Last night on Real Time with Bill Maher, the star of HBO drama Succession, Brian Cox, appeared as the mid-show interview guest. It was during his moment that we learned an awful lot about the man who bore a Scottish flag pin on his lapel and shared his story of growing up poor in Dundee, Scotland.
Golden Globe-winning actor Brian Cox jokes with Maher about his late-in-life “sexy” leading man cred he has earned playing the flawed and manipulative patriarch on HBO’s Succession, and he even shared his views on world politics, and surprise, he’s no venture capitalist like Logan Roy.
In fact, we learn that Cox met Maher many years ago and noted the host of the HBO chat show was likely stoned.
Who is Brian Cox?
Cox is a famous Scottish actor who has had a long career. Cox was born in 1946 in Dundee, Scotland. Over time the actor has earned several awards including an Emmy award. He is also a two-time Olivier Award-winning actor.
He is known for portraying Logan Roy in HBO’s drama Succession, and for film roles in Rise of the Planet of the Apes, The Bourne Supremacy, Troy, X-Men 2, The Bourne Identity, Super Troopers, and in the Mel Gibson blockbuster, Braveheart.
His character on Succession, Logan Roy, is a self made billionaire, and founder and CEO of the media conglomerate Waystar Royco and is the patriarch of The Roy Family. And like Cox the actor, Roy, too, was born into poverty in Dundee, Scotland then sent to Quebec, Canada. He parlayed his work into a global media conglomerate.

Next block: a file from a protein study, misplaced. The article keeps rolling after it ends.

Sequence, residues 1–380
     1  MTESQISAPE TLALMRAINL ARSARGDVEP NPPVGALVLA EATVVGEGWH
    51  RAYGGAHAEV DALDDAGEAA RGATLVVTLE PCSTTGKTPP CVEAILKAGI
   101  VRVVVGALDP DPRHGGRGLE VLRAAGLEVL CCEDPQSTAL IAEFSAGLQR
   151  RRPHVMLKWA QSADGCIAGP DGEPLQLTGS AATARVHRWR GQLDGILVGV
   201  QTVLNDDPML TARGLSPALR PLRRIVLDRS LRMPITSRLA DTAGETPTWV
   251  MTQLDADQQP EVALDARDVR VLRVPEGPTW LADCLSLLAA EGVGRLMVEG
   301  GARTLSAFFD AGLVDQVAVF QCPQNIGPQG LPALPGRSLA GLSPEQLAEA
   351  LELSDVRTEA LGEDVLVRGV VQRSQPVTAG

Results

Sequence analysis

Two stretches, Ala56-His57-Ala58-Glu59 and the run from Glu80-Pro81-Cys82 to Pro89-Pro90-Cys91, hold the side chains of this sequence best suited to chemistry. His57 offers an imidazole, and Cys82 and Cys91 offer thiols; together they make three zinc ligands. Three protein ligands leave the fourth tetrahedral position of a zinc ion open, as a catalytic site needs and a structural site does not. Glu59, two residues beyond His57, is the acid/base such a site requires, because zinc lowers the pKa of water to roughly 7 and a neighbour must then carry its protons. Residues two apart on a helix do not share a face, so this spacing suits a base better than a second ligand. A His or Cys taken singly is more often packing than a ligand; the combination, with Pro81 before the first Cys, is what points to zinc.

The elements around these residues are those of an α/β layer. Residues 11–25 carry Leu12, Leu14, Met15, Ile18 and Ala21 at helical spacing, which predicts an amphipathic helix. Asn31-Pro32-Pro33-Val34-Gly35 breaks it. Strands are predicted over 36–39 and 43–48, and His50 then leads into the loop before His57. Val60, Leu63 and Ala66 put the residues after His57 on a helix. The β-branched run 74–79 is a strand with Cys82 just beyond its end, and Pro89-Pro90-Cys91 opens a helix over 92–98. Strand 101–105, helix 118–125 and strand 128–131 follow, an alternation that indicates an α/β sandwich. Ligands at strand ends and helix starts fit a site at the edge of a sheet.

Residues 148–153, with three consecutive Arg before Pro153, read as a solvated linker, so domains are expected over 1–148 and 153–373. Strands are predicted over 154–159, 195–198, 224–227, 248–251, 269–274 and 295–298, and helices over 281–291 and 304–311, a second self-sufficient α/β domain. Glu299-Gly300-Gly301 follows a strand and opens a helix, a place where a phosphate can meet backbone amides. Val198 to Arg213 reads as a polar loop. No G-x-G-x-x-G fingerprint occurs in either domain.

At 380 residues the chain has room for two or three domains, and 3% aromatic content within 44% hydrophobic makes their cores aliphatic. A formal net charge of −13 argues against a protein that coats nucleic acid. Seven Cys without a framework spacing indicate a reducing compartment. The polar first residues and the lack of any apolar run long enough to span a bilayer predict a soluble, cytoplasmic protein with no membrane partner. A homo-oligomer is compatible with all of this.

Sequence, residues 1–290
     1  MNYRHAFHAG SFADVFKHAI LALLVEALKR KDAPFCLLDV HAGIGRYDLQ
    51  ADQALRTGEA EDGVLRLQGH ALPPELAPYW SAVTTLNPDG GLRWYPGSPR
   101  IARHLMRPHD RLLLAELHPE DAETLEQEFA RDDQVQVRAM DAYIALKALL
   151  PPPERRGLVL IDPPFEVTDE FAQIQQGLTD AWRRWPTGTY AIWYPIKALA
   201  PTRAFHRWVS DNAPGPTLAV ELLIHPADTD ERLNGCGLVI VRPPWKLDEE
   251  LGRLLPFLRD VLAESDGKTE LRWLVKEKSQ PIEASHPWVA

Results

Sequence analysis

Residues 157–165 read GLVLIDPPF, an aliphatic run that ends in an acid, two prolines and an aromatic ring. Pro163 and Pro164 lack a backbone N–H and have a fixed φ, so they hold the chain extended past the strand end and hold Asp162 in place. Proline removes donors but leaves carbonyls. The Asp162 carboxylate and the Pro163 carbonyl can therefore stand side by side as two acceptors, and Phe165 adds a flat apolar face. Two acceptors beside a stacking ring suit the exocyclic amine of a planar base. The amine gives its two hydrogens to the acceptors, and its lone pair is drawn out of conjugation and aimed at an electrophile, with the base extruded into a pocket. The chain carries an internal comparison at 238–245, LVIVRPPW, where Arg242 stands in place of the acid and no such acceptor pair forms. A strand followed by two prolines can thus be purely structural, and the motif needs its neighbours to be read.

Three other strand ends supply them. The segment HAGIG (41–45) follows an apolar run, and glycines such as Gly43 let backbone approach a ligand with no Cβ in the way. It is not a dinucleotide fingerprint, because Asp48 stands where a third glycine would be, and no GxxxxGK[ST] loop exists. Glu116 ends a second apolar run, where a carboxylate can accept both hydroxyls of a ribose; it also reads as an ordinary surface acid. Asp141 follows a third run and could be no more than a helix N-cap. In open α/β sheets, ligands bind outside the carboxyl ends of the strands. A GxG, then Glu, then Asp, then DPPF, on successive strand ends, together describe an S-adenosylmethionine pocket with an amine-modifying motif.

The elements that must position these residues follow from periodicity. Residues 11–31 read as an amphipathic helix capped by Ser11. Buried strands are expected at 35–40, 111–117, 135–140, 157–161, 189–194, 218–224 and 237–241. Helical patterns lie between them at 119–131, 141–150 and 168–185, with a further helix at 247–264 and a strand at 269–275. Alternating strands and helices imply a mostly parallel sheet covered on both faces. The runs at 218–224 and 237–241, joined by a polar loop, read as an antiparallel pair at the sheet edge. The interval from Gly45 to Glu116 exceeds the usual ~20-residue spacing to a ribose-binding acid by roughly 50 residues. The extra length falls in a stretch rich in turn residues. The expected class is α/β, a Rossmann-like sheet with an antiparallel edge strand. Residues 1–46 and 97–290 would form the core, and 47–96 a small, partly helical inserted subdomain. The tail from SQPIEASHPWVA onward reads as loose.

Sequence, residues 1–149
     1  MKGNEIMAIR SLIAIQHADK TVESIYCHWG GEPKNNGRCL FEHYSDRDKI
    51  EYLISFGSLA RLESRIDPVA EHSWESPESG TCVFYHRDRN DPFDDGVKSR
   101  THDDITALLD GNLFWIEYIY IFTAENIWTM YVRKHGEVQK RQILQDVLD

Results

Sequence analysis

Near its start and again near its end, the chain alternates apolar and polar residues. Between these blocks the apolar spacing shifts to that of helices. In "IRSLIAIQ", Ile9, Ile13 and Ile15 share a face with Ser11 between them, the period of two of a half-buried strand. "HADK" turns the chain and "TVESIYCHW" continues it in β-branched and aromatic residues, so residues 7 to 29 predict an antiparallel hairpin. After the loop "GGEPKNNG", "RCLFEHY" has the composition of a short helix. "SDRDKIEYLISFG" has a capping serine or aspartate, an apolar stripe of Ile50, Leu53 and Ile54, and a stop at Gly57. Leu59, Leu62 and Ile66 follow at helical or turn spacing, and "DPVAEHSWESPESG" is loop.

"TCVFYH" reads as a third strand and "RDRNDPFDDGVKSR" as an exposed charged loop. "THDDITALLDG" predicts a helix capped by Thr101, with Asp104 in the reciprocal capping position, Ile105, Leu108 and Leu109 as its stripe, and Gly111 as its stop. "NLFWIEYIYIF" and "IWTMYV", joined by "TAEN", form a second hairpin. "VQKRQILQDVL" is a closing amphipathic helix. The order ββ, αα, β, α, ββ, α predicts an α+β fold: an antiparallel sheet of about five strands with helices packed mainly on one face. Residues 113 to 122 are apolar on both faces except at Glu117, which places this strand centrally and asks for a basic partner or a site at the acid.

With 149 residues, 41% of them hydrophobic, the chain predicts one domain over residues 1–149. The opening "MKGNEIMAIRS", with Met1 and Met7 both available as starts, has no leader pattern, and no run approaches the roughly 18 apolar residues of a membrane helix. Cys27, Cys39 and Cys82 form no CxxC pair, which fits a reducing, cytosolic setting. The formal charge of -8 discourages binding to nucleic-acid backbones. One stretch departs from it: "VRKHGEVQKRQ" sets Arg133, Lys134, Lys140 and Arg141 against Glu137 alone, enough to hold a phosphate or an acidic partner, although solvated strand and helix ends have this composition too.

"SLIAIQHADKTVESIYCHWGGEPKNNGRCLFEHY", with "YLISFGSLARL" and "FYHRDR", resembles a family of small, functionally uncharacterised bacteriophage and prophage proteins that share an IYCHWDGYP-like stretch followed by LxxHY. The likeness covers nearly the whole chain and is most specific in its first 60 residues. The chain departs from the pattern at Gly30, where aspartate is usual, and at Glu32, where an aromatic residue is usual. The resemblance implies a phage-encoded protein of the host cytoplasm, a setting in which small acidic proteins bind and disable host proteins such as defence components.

What did Brian Cox say on Real Time?
We learned first and foremost that Brian Cox wants Scotland to be free of British rule.
Of his Scotland, he said: “Well actually, my home left me because of family circumstances… so I was on my own…It’s the way of poverty actually, that’s what it’s about.”
When Maher pressed him on his politics, he clarified what his stance was and his feelings about Scotland, saying: “Well, really [I am] a social democrat and subsequently a supporter of my country, Scotland..as a separate country because it’s been watching I mean because it’s been treated like a s**t pile for long enough.”
He elaborated on the schism between Scotland and England: “I grew up in a town called Dundee, which is my hometown and I used to look at the River Tay, and I used to I couldn’t wait to get across it… and I did get across it …those days it was North Britain that’s what it was, because we had been through two wars…and the Scots have been like cannon fodder and particularly in the First World War and the Second World War…we’ve [Scottish] always been treated very feudally, and that still goes on.”
Real Time airs Friday nights at 10/9c on HBO.